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Saturday, November 08, 2008

Some More Girlfriend Fiction

STEP UP AND DANCE, by Thalia Kalkipsakis, THE SWEET LIFE by Rebecca Lim, CASSIE by Barry Jonsberg: Girlfriend Fiction 6, 7 and 8. St Leonards, Allen and Unwin, 2008

Girlfriend Fiction has been coming out at an amazing rate over the last few months and has varied from the kind of novels that could be straight YA fiction, with no need for the hearts on the cover, to those that read more or less like standard teen romance, but better written than most. I have to say that so far, they’re doing well in my secondary school library, especially among ESL students who want to try something a little harder and closer to their age level than the ultra-thin children’s books they have been reading. I’ve had especially enthusiastic comments about My Life and Other Catastrophes and The Not Quite Perfect Boyfriend, which were both very funny.

None of the three books I’m reviewing this time is completely funny, but we’ll see how they go over with the students.

Step Up And Dance is the closest to standard teen romance of all the books in this series so far. The heroine, Saph, is a cheerleader for a professional basketball team and the boy in her life is a basketball player for another team, who goes to her school. Annoyed with him for what she believes is a practical joke, she plots revenge and it goes on and on throughout the book till, of course, all is sorted out and it turns out she had misunderstood his motives.

I hadn’t realised we even had cheerleaders in Australia, to be honest, but am always happy to learn something new. It certainly isn’t part of school culture here, but in this book the team is professional and the girl is the youngest member of a team of dancers which includes two boys.

There’s enough about the headaches of being a girl with an ethnic background to make some readers nod in agreement. Saph loves her fairly strict Greek father, but gets just a bit frustrated by the rules he makes about not staying out late and not accepting lifts from friends after dance practice. I suspect there is something here that comes from the author’s own teenage years. These days the strict ethnic parents are more likely to be African or Middle Eastern, but kids can still identify. I remember teaching Looking For Alibrandi to my ESL students and hearing one of them remark, “These Italians are so like Sudanese!”

In The Sweet Life, recently-orphaned Janey finds she has an aunt, working at the Australian Embassy in Rome, living with her daughter Federica (Freddy). Aunt Celia invites her to stay for the school holidays, but someone using the name Fellini is stalking her, first through her MySpace page, then on the mobile phone her aunt has lent her. Janey hasn’t had any boys in her life, and finds herself attracted to the Embassy’s young driver as well as to one of Freddy’s friends.

As for Freddy herself, it soon becomes clear to the reader, if not to Janey, that she doesn’t like having her newly-discovered cousin around; trouble follows.

At times I felt I was getting a guided tour of Rome, but I must admit it made me wish I could visit some of the places Janey sees in Rome and if I did, so should the readers. Possibly, they’ll be disappointed when there’s no last-page kiss, but it isn’t that type of book.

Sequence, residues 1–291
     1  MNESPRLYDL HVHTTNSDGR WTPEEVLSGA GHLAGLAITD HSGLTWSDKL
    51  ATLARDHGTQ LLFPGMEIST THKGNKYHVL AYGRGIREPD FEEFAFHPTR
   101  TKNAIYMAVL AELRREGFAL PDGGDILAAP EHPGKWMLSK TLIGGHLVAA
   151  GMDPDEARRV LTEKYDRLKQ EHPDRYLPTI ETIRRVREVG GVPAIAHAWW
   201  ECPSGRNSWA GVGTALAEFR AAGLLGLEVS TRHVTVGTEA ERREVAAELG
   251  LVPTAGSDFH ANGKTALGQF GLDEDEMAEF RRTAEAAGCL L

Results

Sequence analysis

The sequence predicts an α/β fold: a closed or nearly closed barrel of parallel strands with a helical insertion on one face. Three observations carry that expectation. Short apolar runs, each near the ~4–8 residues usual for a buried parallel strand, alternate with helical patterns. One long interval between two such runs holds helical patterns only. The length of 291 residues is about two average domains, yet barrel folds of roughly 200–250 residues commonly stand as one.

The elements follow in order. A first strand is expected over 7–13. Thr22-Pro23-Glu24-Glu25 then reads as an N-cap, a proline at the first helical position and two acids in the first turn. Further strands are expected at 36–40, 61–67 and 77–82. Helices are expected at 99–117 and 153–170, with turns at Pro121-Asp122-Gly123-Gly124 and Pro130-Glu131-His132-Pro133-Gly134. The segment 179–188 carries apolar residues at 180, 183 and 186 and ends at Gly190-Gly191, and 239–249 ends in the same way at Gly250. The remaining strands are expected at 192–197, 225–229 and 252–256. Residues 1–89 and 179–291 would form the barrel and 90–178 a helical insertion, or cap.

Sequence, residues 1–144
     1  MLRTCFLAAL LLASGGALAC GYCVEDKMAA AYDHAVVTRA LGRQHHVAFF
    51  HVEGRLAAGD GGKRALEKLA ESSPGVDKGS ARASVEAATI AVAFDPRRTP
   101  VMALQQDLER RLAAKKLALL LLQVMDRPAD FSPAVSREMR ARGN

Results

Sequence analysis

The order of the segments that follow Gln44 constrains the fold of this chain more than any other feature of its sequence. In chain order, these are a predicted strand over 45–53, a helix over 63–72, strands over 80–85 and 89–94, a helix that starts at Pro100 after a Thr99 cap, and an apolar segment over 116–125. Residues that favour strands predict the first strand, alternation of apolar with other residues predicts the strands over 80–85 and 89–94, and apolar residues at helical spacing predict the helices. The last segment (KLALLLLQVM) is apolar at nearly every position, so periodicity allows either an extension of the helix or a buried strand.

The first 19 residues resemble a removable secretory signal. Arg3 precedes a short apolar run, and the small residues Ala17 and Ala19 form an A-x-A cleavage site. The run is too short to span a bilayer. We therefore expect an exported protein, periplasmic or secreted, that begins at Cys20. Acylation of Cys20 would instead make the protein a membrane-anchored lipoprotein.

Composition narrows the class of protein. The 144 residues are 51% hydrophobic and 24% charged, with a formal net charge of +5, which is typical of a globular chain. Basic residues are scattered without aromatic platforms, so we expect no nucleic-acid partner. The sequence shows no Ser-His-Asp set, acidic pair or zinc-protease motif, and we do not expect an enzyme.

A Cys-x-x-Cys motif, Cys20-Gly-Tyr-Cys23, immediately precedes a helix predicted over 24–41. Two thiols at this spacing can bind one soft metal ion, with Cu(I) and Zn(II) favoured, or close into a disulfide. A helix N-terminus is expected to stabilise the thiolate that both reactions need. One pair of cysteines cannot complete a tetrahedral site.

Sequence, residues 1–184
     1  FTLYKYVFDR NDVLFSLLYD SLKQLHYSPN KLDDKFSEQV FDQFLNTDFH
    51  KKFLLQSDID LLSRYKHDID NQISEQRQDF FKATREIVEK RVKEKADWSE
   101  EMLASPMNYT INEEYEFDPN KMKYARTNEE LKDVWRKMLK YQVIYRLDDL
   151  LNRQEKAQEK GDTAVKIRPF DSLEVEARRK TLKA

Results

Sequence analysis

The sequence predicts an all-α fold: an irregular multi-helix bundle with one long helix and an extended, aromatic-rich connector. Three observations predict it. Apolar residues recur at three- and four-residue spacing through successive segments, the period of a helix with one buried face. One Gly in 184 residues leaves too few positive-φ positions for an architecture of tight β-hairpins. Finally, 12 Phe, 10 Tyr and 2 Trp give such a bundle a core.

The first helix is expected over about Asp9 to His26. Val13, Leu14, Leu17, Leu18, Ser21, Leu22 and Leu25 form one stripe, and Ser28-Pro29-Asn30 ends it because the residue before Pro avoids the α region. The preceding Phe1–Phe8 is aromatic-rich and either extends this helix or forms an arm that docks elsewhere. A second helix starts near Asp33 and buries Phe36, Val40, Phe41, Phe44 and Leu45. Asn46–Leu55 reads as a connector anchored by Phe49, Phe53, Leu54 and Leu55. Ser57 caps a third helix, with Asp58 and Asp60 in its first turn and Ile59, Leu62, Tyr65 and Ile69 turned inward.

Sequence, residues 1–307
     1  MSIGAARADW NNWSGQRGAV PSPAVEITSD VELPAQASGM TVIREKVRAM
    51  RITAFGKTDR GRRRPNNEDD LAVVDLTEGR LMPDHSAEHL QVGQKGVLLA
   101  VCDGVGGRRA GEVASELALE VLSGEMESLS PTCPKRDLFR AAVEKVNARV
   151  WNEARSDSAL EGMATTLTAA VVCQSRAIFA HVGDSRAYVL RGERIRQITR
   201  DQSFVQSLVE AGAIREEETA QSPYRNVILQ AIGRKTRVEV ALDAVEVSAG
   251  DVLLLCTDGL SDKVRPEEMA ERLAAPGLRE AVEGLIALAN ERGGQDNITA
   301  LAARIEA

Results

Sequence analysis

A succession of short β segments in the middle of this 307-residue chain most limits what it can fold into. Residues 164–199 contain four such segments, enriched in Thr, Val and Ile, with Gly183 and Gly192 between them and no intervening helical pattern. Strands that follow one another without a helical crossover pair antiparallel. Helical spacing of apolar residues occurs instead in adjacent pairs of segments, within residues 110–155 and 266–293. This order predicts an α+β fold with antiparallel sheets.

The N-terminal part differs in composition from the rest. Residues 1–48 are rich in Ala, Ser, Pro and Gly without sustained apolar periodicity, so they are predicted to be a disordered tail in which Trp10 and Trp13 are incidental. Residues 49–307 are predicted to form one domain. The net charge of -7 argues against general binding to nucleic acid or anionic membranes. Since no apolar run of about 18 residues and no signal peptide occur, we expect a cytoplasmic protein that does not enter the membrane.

Barry Jonsberg has written on a wide variety of themes since his first novel, The Whole Business With Kiffo and the Pitbull. His first two books, about intelligent but over-the-top teenager Calma, were laugh-out-loud funny, but had sudden serious twists at the end. Ironbark dealt with a teenage boy who had a mental problem causing him to lash out suddenly, then not remember what he’d done. Dreamrider was a thriller with a mental issue and another twist at the end. Cassie is also about a serious issue. The title character is a quadriplegic with serious cerebral palsy, neither of which has stopped her from working hard at school and producing first-class work.Inside her problem body she is a normal teenager with a sense of humour. The novel’s issue is how to get all this across to her cousin, who has the embarrassing name of Holly Holley.

Holly is a girl with only one friend, the nerdy Amy, who’s more interested in mathematics than boys and clothes. Holly wants desperately to be a member of the in crowd and attract the attention of the good-looking if dumb Raph McDonald. When a chance to do both comes up, she resents having to share a house with Cassie and her mother, who have travelled down from Darwin after a marriage breakup, resents even Amy’s common-sense comments about the people she wants so badly to hang out with. The novel is about working out what’s important and who really cares about you. It’s about surfaces and what’s underneath. And because it’s written by Barry Jonsberg, however serious the theme, there are plenty of laugh-out-loud moments. Using humour, he manages to get across a serious issue.

There is an afterword which explains that Jonsberg, when he was teaching, had a quadriplegic student with cerebral palsy who is now studying Art at university and generally doing well.

It’s always interesting to read a book about young women by a man, but then, Barry Jonsberg was a teacher for many years and has his own children. This is my favourite of the three, but we’ll see which the kids at my school, at least, like best and I will enter a post about it when I know.

Sunday, November 02, 2008

Loathing Lola comment

Whoops! The author has sent a comment that he has only a brother, not a sister. I can only plead that I'd been up since 6.00 a.m., at work all day and attending meetings before going to the State Library to hear him in Booktalkers. But my general comments on the book stand and I'm pleased William was happy with his review. It was well-deserved. He's gonna go far! :-)